Changing mercury anomalies in Long Valley, California; indication for magma movement or seismic activity

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doi: 10.1130/0091-7613(1984)12<283:CMAILV>2.0.CO;2
Authors:Varekamp, Johan C.; Buseck, Peter R.
Author Affiliations:Primary:
Ariz. State Univ., Dep. Geol. and Chem., Tempe, AZ, United States
Volume Title:Geology (Boulder)
Source:Geology (Boulder), 12(5), p.283-286. Publisher: Geological Society of America (GSA), Boulder, CO, United States. ISSN: 0091-7613
Publication Date:1984
Note:In English. 26 refs.; illus. incl. sketch maps
Summary:Mercury anomalies in soils in geothermal areas form as a result of vapor transport. Comparison of the Hg distribution measured in 1975, and again in 1982, indicates that a new Hg anomaly formed in the Inyo crater zone in the intervening period. Two models can explain this new anomaly: (1) geothermal water has reached shallow levels as a result of increased permeability created by seismic activity, or (2) addition of a CO2-rich, magnetic vapor to the geothermal system at depth caused vapor exsolution in zones where it did not occur before. If the Hg anomaly in the Inyo crater zone is related to the addition of magmatic vapors, the site of the new anomaly may overlie young, intruding magma. Modified journal abstract. [C.N.]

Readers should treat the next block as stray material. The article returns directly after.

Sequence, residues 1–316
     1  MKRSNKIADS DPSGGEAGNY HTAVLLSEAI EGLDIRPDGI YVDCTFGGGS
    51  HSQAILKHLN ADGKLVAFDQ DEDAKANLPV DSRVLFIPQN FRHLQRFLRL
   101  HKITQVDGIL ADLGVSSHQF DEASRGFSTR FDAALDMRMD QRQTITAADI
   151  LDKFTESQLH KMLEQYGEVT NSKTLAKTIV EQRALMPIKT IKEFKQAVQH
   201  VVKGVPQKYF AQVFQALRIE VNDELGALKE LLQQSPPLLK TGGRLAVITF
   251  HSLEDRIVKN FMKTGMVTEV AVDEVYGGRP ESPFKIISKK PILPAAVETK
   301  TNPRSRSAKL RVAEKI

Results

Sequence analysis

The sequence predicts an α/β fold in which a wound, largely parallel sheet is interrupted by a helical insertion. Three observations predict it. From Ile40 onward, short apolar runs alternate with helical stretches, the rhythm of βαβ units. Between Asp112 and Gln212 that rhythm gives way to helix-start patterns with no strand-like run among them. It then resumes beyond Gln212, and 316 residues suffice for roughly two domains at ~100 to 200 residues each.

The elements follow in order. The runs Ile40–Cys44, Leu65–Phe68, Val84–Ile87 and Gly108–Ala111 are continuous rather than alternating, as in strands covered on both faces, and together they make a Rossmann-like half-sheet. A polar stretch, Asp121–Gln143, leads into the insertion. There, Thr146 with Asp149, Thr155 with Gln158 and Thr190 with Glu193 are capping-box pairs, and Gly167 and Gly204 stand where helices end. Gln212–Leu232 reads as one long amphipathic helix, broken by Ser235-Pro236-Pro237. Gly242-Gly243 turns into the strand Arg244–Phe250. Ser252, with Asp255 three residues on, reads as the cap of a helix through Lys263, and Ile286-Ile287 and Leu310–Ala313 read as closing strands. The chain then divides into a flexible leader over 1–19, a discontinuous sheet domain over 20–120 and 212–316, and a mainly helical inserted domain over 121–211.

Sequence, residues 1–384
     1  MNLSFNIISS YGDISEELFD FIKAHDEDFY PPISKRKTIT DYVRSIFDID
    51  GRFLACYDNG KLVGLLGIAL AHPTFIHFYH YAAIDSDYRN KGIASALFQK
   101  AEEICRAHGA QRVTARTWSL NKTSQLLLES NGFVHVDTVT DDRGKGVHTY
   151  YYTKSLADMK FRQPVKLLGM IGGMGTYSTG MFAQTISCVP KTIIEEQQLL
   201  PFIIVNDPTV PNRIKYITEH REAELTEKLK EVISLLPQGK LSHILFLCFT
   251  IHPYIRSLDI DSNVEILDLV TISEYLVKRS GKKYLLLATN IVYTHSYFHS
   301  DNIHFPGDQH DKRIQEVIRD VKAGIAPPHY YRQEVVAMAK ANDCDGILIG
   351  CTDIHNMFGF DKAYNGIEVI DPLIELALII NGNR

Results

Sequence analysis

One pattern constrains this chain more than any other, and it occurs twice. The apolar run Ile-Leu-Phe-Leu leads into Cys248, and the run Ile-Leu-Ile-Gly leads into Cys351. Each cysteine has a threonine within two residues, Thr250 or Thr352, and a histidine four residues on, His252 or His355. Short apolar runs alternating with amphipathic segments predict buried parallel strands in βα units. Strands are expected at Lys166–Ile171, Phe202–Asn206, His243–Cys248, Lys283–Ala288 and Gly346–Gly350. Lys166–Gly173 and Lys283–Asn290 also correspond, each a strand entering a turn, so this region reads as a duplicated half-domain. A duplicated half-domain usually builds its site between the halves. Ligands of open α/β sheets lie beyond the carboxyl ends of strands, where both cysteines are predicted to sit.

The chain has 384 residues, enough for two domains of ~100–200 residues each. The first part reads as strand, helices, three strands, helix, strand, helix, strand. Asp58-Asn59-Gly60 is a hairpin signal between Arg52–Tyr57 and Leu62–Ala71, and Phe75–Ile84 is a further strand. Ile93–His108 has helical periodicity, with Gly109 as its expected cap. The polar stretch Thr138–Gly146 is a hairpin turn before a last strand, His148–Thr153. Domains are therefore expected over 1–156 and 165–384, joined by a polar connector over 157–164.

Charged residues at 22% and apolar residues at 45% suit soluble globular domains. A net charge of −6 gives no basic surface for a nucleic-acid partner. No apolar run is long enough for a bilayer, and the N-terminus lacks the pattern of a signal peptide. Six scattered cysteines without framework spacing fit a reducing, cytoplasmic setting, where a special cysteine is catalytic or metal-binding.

Subjects:Anomalies; Calderas; Geochemical indicators; Geochemistry; Geologic hazards; Geothermal systems; Intrusions; Magma chambers; Magmas; Seismicity; Soils; Surveys; Thermal waters; Trace elements; Volcanic features; California; Long Valley; Long Valley Caldera; Mono County California; United States
Coordinates:N373000 N380000 W1180000 W1190000
Abstract Numbers:87M/0996
Record ID:1984029746
Copyright Information:GeoRef, Copyright 2019 American Geosciences Institute.
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